MUA: Maritime Employers Need to Take Vital Steps to Save Australian Supply Chains

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The Maritime Union of Australia (MUA) has urged major businesses in Australia’s maritime supply chain to implement “a consistent, industry-wide framework” aimed at preventing coronavirus transmission on worksites.

With approximately 98 per cent of Australian imports arriving by sea, including essential medical supplies, food, fuel, and other household items, preventing the spread of this disease is vital to ensuring supply chains remain operational and freight continues to flow safely.

According to the trade union, some Australian businesses, particularly stevedores, have been reluctant to meet and discuss the current situation.

“While workers are acutely aware of the significant role they play in Australia’s response to the COVID-19 pandemic, some stevedores had taken an unfortunate and unsustainable approach, going it alone rather than embracing a consistent industry-wide solution,” MUA National Secretary and International Transport Workers’ Federation (ITF) President Paddy Crumlin said.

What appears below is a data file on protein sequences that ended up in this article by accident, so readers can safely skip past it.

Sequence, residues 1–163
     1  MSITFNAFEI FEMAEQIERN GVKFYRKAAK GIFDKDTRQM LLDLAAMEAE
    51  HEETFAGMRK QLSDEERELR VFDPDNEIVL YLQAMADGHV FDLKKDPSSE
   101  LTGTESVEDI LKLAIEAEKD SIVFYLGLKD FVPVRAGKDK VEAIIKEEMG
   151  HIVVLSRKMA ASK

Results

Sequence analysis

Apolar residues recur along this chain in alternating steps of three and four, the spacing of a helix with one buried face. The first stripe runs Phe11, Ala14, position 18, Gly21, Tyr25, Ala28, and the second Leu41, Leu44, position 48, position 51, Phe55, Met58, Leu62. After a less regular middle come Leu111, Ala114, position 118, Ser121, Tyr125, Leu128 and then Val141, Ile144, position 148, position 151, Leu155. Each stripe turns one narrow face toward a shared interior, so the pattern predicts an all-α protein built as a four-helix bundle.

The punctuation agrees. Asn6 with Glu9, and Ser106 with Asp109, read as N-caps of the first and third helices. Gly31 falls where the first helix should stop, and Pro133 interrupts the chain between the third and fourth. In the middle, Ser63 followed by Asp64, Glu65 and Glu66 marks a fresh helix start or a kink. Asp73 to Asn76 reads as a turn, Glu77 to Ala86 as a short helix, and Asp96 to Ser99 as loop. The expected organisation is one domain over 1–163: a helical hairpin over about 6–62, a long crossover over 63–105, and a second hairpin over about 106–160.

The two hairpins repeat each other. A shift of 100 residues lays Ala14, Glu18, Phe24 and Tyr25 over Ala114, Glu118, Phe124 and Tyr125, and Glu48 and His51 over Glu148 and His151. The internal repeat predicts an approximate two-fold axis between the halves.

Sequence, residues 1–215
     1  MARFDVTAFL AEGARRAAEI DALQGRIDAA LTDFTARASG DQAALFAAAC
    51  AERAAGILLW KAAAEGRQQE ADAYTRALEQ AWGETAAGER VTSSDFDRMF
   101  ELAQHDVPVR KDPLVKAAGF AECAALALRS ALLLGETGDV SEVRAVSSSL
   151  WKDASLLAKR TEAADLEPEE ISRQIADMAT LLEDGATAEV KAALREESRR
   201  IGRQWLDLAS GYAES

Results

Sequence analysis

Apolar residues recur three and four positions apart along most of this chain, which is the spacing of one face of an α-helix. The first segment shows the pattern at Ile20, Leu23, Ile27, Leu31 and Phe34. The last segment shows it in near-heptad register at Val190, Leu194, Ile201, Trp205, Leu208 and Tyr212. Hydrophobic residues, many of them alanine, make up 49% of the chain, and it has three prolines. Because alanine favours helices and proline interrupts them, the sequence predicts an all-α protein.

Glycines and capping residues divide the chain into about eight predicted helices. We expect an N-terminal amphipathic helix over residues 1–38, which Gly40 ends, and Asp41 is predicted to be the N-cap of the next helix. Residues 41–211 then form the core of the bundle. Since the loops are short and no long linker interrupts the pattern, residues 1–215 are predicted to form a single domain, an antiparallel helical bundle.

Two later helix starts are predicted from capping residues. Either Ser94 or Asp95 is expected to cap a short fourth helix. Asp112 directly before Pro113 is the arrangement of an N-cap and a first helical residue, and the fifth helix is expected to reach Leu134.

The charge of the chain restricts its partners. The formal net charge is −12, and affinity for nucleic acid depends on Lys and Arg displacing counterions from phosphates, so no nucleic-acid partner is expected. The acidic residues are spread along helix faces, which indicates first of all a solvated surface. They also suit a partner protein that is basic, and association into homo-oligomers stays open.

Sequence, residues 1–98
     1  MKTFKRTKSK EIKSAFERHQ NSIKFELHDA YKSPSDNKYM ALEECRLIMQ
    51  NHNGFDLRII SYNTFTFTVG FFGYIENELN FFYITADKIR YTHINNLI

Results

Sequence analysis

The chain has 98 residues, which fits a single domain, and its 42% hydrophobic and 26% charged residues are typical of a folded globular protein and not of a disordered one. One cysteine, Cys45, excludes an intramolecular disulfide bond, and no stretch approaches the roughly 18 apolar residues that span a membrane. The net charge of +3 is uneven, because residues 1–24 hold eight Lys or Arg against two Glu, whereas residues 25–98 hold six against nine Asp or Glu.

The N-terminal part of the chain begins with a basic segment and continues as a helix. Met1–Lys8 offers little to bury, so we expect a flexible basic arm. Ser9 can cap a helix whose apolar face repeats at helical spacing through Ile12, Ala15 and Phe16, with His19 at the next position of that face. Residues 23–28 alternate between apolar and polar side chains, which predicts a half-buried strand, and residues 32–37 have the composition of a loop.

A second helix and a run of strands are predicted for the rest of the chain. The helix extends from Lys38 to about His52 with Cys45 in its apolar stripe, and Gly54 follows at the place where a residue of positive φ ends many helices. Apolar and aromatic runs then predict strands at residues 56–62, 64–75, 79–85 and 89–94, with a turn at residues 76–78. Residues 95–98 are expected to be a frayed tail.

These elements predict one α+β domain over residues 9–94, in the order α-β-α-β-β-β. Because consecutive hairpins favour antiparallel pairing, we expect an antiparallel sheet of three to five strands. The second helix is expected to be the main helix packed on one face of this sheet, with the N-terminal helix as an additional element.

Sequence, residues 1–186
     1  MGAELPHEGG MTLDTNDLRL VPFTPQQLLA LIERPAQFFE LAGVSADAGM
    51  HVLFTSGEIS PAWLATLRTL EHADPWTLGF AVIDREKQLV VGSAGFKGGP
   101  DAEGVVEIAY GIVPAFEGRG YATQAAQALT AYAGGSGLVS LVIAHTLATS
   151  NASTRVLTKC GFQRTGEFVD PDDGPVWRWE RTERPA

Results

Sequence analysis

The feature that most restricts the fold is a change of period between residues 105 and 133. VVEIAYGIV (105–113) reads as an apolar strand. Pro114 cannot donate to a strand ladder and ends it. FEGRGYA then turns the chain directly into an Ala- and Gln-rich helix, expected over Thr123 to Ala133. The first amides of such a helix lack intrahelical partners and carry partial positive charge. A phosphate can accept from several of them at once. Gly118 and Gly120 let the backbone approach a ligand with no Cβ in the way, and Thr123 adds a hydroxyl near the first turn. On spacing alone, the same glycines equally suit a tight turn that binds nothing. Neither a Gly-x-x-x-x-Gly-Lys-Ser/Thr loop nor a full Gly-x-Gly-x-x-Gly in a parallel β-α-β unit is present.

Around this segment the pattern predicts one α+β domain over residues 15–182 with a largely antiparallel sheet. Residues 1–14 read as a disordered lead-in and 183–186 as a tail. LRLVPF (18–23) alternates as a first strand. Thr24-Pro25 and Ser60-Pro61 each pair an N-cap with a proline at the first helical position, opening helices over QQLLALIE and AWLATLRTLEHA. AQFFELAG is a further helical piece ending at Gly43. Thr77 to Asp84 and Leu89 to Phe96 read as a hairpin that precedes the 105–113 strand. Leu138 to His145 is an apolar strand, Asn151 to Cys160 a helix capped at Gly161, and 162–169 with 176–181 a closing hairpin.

“In other areas, such as intermodal and logistics, there has been a much more mature approach. That is why we are seeking to urgently meet with key businesses, in particular stevedores, to implement a clear, concise, consistent framework that addresses the identifiable health and safety risks this pandemic poses and acts on the advice of the Chief Medical Officer.”

“The scale of this crisis places a collective responsibility on our vital industry to show leadership, find consensus, and implement immediate solutions that protect lives and prevent potential disruptions to our national supply chain,” Crumlin added.

With thousands of maritime workers — including wharfies, seafarers and port workers — being on the front line, committed to ensuring supply chains continue to operate smoothly, the industry-wide measures to prevent the spread of COVID-19 on worksites are necessary, MUA believes.

“We are urging all maritime employers to work with us to implement these protocols to minimise the risk of infection to workers or the general public.”

The union’s proposed framework has been drawn together based on current health advice, along with industry developments internationally, with the aim of ensuring best-practice measures are in place to protect the health and safety of maritime workers.

Read more:

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